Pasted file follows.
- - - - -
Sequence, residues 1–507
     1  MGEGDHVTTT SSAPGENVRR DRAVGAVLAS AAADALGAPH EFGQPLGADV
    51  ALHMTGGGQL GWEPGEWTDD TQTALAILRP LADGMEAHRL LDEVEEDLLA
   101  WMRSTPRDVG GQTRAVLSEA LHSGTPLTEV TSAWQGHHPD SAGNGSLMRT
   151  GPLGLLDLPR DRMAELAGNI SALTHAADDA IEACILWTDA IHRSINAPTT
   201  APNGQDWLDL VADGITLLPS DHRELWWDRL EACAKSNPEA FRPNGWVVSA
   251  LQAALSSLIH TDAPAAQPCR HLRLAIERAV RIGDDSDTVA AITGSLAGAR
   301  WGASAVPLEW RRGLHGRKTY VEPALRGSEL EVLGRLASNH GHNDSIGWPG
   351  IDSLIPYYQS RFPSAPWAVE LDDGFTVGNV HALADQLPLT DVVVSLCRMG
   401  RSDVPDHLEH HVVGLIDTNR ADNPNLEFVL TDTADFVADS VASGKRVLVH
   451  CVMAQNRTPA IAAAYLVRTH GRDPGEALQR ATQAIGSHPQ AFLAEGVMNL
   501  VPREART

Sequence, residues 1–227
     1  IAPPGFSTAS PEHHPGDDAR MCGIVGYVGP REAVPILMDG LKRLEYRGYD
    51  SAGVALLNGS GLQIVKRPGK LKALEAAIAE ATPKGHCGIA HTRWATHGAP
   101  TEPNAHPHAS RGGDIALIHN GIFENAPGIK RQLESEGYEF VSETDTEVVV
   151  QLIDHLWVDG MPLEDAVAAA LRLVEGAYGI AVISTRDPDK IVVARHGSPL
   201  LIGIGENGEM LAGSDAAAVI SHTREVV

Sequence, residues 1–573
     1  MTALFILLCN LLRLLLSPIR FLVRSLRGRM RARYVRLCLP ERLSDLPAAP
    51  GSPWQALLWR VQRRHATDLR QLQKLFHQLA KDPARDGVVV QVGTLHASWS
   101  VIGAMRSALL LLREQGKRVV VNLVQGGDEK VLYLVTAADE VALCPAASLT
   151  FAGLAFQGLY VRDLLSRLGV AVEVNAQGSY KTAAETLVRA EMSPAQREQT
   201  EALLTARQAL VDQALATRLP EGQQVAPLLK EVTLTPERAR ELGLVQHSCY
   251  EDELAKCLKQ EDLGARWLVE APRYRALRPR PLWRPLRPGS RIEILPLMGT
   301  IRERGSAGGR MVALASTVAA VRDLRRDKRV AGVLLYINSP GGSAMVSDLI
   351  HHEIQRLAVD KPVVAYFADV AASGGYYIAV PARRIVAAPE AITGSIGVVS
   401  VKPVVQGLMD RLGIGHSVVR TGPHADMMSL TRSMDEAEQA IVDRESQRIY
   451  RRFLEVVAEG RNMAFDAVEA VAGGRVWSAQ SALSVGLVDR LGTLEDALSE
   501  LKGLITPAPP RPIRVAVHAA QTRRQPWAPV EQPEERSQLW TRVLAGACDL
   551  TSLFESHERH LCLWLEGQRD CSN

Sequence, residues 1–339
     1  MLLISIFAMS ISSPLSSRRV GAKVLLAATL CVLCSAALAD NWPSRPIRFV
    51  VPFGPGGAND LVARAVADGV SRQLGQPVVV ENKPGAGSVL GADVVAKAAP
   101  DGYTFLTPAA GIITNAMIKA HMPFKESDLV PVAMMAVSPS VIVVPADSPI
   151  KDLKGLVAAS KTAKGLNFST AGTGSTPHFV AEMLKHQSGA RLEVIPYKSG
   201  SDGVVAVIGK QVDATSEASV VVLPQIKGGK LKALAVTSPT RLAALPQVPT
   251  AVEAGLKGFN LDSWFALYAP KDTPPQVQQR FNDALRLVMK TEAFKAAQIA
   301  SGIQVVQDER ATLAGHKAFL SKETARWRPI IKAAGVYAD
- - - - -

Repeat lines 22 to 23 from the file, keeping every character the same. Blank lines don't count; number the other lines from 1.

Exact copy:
   101  VIGAMRSALL LLREQGKRVV VNLVQGGDEK VLYLVTAADE VALCPAASLT
   151  FAGLAFQGLY VRDLLSRLGV AVEVNAQGSY KTAAETLVRA EMSPAQREQT